The Victor Batte-Lay Trust Collection

Upon her death in 1955, Margaret Batte-Lay bequeathed her husband’s collection of art objects to “the people of Colchester … in particular those who shall take an interest in the artistic and antiquarian features of that town”. The initial collection held works mainly by British artists, including still lives from the 17th century, regency portraiture, 18th century prints and drawings and 19th century oil paintings and samplers. This collection was first displayed on the ground floor of The Minories Gallery in an imitation of the original domestic setting together with new acquisitions which included antique clocks and chandeliers that highlighted Batte-Lay’s discerning taste in art and antiques.

By the end of the decade, the Trustees had acquired new works through purchases, loans and gifts with the intention to expand the Permanent Collection. By the 1960s, as the collection grew via purchases and the occasional gift, it also took on a more modern direction in order to attract new and younger audiences. Works acquired during this period varied in style but the strength of the collection lay in its possession of prints by several British modernists most notably, John NashPaul Nash and Blair Hughes-Stanton as well as 14 figure drawings by Camille Pissarro.

The acquisition and subsequent sale of Robert Bevan’s The Cab Yard in the 1970s paved the way for the purchase of the adjacent property as a new exhibiting space, which became known as The Girling Room. As a result, the Contemporary Art Society gifted generously to the collection with works such as Margaret Mellis‘ Lilac Yellow and Ian McKeever‘s Sand and Sea Series No. 8. The Victor Batte-Lay Trust then developed a policy of acquiring work by 20th century artists preferably with strong regional links.

In the early 1980s, the team at The Minories was the recipient of a sizeable amount of funding from charitable organisations and Friends of The Minories which led to the setting up of an official purchasing policy. The collection expanded again through new purchases, most significantly the team established a sculpture collection. During this period, there was also a Permanent Collection room that exhibited a selection of works on rotation. By the mid-1980s the collection faced a sudden change in funding circumstances. In order to stay afloat, several works were sold off and those acquired by Colchester Borough Council stayed in the local area.At present, the Victor Batte Lay collection consists of 135 acquisitions by renowned British and international artists. They are not on permanent display but a selection of the Victor Batte-Lay art collection can be viewed in temporary exhibitions at Colchester’s Firstsite and on loan in regional and national institutions.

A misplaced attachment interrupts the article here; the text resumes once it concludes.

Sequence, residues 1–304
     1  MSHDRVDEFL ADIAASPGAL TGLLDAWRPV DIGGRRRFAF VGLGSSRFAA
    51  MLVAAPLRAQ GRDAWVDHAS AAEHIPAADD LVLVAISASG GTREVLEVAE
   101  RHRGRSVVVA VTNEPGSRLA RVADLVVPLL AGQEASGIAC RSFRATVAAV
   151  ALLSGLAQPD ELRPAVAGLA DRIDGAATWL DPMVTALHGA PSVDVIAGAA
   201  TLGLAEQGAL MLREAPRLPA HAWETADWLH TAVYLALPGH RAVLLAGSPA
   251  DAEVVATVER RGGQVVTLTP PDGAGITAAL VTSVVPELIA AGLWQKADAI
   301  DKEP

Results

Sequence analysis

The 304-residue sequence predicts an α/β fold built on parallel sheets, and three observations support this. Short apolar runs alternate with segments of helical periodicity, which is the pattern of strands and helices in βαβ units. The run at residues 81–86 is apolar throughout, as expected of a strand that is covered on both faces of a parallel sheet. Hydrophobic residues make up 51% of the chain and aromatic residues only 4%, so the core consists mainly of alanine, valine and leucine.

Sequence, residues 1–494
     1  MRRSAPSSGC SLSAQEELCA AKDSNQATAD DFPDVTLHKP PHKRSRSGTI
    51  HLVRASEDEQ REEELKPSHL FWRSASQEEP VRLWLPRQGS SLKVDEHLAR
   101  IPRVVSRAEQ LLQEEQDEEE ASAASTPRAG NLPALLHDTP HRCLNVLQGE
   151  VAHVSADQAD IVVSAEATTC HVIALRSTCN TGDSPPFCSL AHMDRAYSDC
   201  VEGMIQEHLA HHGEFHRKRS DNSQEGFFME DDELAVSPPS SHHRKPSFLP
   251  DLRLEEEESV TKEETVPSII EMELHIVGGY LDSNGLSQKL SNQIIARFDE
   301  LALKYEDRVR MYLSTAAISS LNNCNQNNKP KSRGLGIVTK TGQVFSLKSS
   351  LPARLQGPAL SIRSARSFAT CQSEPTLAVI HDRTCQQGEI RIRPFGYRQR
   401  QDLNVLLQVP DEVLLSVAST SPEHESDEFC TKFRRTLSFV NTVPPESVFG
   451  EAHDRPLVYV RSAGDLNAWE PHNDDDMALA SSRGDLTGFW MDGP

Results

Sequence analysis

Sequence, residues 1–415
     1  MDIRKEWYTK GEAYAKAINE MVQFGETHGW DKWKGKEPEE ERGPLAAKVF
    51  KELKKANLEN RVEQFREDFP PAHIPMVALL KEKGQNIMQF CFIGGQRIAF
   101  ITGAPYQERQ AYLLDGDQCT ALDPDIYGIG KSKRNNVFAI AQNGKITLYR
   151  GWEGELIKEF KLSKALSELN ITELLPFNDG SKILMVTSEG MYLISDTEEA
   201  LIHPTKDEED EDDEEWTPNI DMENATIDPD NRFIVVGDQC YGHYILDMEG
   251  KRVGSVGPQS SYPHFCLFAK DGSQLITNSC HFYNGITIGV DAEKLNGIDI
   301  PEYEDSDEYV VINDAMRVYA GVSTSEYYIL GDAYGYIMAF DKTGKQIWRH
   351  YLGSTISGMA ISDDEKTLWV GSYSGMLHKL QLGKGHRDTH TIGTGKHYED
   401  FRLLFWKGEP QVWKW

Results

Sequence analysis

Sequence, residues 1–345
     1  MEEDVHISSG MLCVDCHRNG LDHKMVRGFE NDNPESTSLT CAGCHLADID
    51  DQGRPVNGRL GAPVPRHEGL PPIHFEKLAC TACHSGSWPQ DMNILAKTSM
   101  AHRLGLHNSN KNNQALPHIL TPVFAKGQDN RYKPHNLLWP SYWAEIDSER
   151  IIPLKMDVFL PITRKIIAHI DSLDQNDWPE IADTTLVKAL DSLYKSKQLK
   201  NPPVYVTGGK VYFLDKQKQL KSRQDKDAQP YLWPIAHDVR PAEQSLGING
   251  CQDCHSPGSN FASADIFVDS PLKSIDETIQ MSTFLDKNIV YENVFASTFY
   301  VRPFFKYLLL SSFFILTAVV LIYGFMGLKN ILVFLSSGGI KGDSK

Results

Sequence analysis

Current use

In early 2008 Firstsite left The Minories and moved into Crouch Street while their new building was developed, and in June 2008 Colchester Institute took on the lease for the Minories. The site is currently home to The Minories Galleries, a contemporary art gallery run by Colchester School of Art which is open to the public and a café surrounded by a walled garden. The Minories is next door to Firstsite, Colchester’s contemporary art space, in the centre of St Botolph’s Quarter.

Since being run by Colchester School of Art and Colchester Institute, The Minories has presented exhibitions by artists and designers including Joseph RobinsonAbram GamesRomek MarberNoel MylesKeith Albarn (father of Blur frontman Damon) and Chris Meigh-Andrews.

In October 2015, the cafe and tearoom in the back of the venue was taken over by Wilkin & Sons and is now operated as the Batte-Lay Tearoom.

The Friends of The Minories

The Friends of the Minories is an organisation which supports the gallery and assists in its funding. About four or five events occur each year, generally visits to local places of interest. The revenue from these fund-raising events goes into maintaining the garden and its 18th-century Gothic Folly. The garden and Folly are both registered with the Essex Gardens Trust.